The chart above shows a guide for developing training plans. There are seven categories of exercises, listed on the left: Environmental Stability, Socialization, Reward Object Engagement, Olfactory Acuity, Search, Physical Exercise, and Play. The arrows in the center describe the relative emphasis of each category throughout the dog’s development. Environmental Stability gets heavy emphasis** during the early months. With a good early foundation, as the dog gets older Environmental Stability challenges are incorporated into other exercises rather than worked on separately. The same is true for Socialization. Reward Object Engagement should also receive a lot of attention during the early months, although it’s important to note that tugging/pulling/twisting should be limited during teething. For most dogs, Reward Object Engagement doesn’t generally develop fully until between six and nine months of age, so the emphasis should continue to be heavy** until that point, then work to integrate it into other exercises. Olfactory Acuity starts with short, simple exercises in the early months and progresses to longer duration and increasing difficulty as the dog develops. Similarly, Search is extremely limited in duration and difficulty while the dog is young and progresses as the dog matures and consistently demonstrates success. Physical Exercise is critically important every day, at every stage. Physical Exercise creates dogs who are strong, healthy, and resilient and thus it receives bold emphasis from beginning to end. Play for a young puppy is all fun, no rules. Once obedience gets involved, it’s not play, it’s obedience. As the dog matures we gradually add rules until play morphs into training exercises, which the dog enjoys just as much as his younger self enjoyed unstructured play. The green oval on the right indicates that as the dog approaches twelve months of age, training exercises should integrate all categories of activities. For example, a search problem lasting 10-12 minutes, in an unfamiliar environment such as an unexplored playground. This exercise requires the dog to traverse uneven surfaces, go under and over things, stay on task despite human distractions, demonstrate independent search behaviors and olfactory acuity looking for his reward object, engage with the reward object once he finds it, and have the strength and stamina to move energetically throughout the activity. Highlighted by the turquoise oval on the left, we also encourage working breeding females through similar activities, from simple to complex, during her pregnancy.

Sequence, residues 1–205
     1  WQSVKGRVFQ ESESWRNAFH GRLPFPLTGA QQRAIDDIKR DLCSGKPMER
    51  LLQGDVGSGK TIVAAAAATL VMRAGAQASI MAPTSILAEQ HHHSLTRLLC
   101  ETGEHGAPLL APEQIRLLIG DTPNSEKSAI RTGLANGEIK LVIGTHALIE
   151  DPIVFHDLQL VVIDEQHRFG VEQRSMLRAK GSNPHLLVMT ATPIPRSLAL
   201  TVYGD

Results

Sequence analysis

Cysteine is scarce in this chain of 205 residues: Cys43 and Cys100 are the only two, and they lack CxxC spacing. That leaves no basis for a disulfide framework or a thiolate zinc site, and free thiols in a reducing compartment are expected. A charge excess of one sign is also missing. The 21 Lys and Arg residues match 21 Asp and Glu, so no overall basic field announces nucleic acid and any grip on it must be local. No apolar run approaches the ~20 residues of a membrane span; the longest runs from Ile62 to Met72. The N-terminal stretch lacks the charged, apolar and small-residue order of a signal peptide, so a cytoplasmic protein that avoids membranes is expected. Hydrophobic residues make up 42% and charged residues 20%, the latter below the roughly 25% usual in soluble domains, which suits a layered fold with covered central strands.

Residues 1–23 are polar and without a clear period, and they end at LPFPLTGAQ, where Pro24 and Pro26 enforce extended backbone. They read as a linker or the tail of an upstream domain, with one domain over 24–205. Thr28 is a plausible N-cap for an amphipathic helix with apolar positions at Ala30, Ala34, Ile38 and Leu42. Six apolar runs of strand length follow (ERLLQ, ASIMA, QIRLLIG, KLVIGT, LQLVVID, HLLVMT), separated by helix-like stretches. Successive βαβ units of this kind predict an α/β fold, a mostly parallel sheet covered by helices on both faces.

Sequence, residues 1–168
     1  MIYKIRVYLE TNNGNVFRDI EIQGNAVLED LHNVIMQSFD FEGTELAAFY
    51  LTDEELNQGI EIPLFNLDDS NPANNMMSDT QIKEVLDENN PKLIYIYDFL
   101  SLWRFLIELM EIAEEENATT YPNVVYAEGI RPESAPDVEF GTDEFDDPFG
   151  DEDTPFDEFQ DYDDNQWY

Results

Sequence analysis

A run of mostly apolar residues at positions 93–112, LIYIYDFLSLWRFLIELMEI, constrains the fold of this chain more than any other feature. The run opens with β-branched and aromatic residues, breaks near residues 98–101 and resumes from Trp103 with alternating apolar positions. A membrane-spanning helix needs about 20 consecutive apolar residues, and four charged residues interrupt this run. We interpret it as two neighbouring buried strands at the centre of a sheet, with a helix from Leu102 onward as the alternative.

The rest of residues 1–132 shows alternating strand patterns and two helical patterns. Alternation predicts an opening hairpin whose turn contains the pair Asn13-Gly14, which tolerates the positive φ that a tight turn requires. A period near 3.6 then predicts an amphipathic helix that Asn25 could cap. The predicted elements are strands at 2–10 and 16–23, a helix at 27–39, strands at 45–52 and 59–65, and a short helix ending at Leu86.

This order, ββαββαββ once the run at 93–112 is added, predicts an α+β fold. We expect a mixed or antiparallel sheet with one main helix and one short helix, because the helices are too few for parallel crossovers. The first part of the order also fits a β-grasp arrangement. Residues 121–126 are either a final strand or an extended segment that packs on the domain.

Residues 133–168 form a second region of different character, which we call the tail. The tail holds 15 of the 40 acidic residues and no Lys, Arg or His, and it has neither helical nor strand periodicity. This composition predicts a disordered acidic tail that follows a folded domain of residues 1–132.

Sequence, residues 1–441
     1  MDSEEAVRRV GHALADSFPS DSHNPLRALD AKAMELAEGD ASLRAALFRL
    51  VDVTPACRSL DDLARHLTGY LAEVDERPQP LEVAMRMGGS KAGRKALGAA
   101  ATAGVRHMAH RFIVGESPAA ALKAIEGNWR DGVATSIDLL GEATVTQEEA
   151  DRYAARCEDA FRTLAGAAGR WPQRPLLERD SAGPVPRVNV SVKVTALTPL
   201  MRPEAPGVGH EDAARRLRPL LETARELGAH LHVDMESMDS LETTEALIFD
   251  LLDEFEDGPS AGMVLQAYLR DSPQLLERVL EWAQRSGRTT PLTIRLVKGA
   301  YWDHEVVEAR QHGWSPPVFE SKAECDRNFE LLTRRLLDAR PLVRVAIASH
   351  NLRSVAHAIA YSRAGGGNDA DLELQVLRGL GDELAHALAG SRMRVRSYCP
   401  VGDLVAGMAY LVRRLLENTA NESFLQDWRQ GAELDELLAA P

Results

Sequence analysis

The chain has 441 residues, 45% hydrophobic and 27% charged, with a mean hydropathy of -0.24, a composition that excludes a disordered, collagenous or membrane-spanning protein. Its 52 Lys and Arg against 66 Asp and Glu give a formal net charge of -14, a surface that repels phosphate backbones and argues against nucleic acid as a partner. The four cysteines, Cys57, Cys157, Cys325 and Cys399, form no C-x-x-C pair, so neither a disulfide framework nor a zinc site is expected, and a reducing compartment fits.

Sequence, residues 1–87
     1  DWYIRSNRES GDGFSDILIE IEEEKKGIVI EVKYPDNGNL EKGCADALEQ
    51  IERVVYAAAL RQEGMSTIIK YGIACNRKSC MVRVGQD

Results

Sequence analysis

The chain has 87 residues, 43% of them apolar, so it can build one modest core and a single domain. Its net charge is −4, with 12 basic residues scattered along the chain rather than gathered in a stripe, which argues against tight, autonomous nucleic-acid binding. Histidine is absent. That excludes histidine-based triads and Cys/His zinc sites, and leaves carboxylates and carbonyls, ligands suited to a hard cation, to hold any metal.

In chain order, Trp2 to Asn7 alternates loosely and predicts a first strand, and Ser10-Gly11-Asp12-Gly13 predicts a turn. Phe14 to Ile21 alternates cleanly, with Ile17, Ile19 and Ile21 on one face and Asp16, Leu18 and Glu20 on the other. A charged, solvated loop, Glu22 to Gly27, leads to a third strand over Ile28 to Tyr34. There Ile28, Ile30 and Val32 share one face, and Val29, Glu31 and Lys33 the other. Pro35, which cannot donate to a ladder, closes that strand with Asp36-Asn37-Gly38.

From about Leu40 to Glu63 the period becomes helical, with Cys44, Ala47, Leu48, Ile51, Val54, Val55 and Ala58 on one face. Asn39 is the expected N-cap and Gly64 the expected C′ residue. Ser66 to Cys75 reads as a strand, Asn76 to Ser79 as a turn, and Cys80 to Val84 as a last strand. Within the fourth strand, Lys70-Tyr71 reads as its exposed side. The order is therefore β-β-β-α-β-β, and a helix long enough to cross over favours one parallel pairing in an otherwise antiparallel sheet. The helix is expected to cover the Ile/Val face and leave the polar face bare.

What this chart does not cover is resilience. We build resilience in the between spaces, not necessarily through any training sessions. Living in a kennel, riding in a crate in a vehicle, putting up with barking dogs, being cared for by strangers, being cold/hot/thirsty/uncomfortable–it’s the background noise in the dog’s routine that builds resilience.
**When we say that something should receive “heavy emphasis” this does NOT mean you should be working on it for several hours a day!! It means you should be intentional about including it in your training plan. Decide what exercises you’re going to use to work on it (pick one or two). Decide how often (every other day? weekly?) and for how long (minutes, not hours) you intend to do those exercises. Remember, less is more! After a couple weeks, look back at your records, assess whether your training has been effective, and make changes to your plan as necessary.